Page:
Wikipedia article
Cattle Troughs on London Details
Horse and Cattle Troughs and Drinking Fountains on Faded London

Horse Block or Mounting Block

To give carriage passengers and horseback riders a boost, mounting blocks were installed in locations of regular use. Basically, these items were a block of stone or a tiny staircase. Very few are still preserved in the sidewalks of London. The first one below is located outside the Athenaeum Club in Waterloo Place and was erected in 1830 “by the desire of the Duke of Wellington.”


Duke of Wellington’s mounting block


Most mounting blocks were built of stone, brick, or wood, and though most were purely functional, others were built as memorials and bore inscriptions. Horses and carts have largely vanished into transportation history and most mounting blocks have also vanished. A surprising number do still exist, hidden in plains sight, so to speak, if one looks for them. Those time-worn stones that remain are echoes of a period when such simple things were a necessary part of life. Just imagine the stories they could tell!

Mounting block near Trinity Bridge in Crowland


Ashover mounting block



Links to blogs on horse-related topics–

Kentucky: Home of the Thoroughbred

I’m a Kentuckian, so it’s simply “Derby”

Servants Focused on the Horses

Horse Racing isn’t just for Brits!


I hope this was as fascinating to read as it was for me to research. I look forward to any comments, especially if anyone has seen these or other relics from bygone eras when horses ruled supreme.

For more information about me and The Darcy Saga novels, click the image below. 

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July 24, 2018 1:46 PM

Wonderful article! I will be on the lookout for these horse-related relics on any future trips. By the way, I found this video about the Wellingston steps:

March 21, 2018 11:12 AM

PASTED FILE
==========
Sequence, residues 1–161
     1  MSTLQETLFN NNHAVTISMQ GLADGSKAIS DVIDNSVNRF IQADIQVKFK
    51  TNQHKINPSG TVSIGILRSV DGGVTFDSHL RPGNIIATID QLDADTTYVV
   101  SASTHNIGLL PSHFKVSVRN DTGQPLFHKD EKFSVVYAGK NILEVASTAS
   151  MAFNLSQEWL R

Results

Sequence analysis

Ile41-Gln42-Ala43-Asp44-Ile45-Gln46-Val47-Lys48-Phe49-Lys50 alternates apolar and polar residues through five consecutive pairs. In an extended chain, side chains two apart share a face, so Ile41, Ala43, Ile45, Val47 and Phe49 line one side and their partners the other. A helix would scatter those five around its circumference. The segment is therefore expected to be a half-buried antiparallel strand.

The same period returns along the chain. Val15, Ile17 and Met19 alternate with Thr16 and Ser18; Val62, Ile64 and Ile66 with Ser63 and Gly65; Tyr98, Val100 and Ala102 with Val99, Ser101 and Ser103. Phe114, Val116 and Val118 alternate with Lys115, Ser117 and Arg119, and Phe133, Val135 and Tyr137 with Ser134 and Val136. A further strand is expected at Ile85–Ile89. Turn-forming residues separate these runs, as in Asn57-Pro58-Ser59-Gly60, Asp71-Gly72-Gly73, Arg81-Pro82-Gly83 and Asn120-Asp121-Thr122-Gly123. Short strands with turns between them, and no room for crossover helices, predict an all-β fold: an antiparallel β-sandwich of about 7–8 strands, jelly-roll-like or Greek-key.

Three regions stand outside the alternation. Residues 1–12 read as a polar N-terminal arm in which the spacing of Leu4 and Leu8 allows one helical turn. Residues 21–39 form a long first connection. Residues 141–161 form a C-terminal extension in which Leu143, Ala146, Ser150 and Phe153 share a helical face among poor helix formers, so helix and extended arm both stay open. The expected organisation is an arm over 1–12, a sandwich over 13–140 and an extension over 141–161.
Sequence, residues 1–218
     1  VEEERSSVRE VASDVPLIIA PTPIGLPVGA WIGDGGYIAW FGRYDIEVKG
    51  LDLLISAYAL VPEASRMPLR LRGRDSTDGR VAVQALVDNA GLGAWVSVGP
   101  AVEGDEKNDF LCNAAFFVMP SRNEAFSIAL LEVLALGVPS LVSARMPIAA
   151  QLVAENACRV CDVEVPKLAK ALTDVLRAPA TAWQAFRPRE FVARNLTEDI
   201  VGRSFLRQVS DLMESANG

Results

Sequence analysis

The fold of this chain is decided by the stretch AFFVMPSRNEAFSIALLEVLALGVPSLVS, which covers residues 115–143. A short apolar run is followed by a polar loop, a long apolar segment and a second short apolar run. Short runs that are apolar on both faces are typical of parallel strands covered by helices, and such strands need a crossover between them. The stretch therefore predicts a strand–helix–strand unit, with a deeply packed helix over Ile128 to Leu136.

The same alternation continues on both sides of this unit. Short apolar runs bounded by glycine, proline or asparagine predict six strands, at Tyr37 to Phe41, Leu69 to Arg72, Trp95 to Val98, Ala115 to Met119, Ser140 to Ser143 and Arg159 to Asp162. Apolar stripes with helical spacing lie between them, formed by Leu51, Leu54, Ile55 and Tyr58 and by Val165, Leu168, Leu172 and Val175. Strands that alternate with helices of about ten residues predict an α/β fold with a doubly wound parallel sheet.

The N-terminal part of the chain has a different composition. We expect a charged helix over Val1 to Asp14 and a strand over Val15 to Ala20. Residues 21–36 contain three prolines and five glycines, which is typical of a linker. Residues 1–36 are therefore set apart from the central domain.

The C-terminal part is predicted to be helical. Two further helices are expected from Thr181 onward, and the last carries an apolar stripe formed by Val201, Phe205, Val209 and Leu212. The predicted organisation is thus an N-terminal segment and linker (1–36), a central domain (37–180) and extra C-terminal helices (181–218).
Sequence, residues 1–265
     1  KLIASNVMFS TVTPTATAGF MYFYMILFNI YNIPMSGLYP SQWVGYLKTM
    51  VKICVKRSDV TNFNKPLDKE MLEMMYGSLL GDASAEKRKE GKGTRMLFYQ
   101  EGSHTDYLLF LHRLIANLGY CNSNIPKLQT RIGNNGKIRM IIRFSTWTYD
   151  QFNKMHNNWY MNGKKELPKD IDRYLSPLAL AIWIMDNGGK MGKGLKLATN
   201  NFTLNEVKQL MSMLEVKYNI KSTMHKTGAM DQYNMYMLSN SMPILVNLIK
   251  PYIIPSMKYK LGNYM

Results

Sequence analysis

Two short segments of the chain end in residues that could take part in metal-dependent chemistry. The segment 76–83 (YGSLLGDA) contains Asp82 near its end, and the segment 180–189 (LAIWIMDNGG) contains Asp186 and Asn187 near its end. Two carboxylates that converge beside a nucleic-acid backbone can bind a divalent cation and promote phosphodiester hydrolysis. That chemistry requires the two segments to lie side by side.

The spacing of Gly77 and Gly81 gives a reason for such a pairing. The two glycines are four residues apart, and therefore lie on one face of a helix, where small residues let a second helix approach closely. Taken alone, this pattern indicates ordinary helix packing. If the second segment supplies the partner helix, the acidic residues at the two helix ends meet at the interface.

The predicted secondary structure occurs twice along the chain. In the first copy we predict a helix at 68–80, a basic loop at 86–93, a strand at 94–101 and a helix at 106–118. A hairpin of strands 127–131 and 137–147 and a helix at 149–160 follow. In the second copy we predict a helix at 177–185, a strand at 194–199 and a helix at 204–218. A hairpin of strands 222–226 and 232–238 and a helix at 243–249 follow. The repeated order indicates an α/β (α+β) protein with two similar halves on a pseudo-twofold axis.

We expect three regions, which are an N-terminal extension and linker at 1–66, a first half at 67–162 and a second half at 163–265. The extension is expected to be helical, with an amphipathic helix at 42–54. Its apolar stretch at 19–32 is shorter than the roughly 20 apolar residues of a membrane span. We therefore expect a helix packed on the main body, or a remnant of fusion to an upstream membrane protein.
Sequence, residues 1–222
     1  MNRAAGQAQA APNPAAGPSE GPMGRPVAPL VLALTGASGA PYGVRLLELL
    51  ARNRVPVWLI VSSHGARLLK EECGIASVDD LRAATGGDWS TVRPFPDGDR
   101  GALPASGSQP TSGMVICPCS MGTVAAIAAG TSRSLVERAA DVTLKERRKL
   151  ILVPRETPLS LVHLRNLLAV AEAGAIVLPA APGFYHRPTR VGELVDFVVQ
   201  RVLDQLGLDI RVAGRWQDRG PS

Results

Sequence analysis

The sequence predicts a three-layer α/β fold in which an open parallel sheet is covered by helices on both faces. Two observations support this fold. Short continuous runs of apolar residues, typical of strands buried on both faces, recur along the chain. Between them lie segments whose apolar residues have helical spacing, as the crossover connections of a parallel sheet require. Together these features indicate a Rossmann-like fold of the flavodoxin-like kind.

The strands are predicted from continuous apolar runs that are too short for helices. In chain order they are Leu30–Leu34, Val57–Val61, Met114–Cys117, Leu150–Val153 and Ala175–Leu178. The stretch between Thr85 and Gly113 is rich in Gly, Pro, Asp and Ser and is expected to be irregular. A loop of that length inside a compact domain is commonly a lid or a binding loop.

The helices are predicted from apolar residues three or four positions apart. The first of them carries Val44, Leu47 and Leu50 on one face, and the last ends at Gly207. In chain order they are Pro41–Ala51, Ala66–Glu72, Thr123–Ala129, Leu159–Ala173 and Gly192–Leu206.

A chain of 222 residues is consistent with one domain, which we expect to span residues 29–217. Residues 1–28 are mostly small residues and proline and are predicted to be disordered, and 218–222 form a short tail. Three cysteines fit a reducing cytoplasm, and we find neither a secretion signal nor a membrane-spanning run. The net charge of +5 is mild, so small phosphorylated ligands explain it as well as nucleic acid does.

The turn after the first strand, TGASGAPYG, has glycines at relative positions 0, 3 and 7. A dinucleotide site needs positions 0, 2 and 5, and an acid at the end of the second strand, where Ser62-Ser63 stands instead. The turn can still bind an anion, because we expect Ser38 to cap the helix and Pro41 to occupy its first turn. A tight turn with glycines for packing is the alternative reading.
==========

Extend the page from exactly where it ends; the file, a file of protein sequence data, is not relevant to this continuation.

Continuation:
Now I’m going to be noticing horse troughs and mounting blocks on my next trip. Thanks for sharing this very interesting information!

Robin G.
Robin G.
March 20, 2018 2:46 PM

In Portland, OR, we still have horse rings on several of our curbs that are remnants from the 1800’s. Some people have attached little toy horses to them. There was a push in the 1970’s to remove them, but people complained, and you can still find them in older neighborhoods all over town.

March 20, 2018 12:48 PM

The town where I vacation has the occasional mounting stone, or hitching post. No water troughs, though.

J. W. Garrett
J. W. Garrett
March 20, 2018 11:26 AM

I have really enjoyed these posts regarding horses. I’ve never thought about the necessity of mounting blocks. I can see their use and how important they would be for propriety… especially for women… how else would they get on their horse? Plus, not every man was an Errol Flynn and could easily jump on his horse. Thanks for your research and sharing this post.

March 20, 2018 9:29 AM

It was interesting to see how we still have these reminders of how things used to be. I grew up in an area that had a lot of Amish families so seeing horses as a main source of transportation is still very common there.

cindie snyder
cindie snyder
March 20, 2018 9:10 AM

Cool post! I didn’t know other than the trough that there was so much other stuff for horses.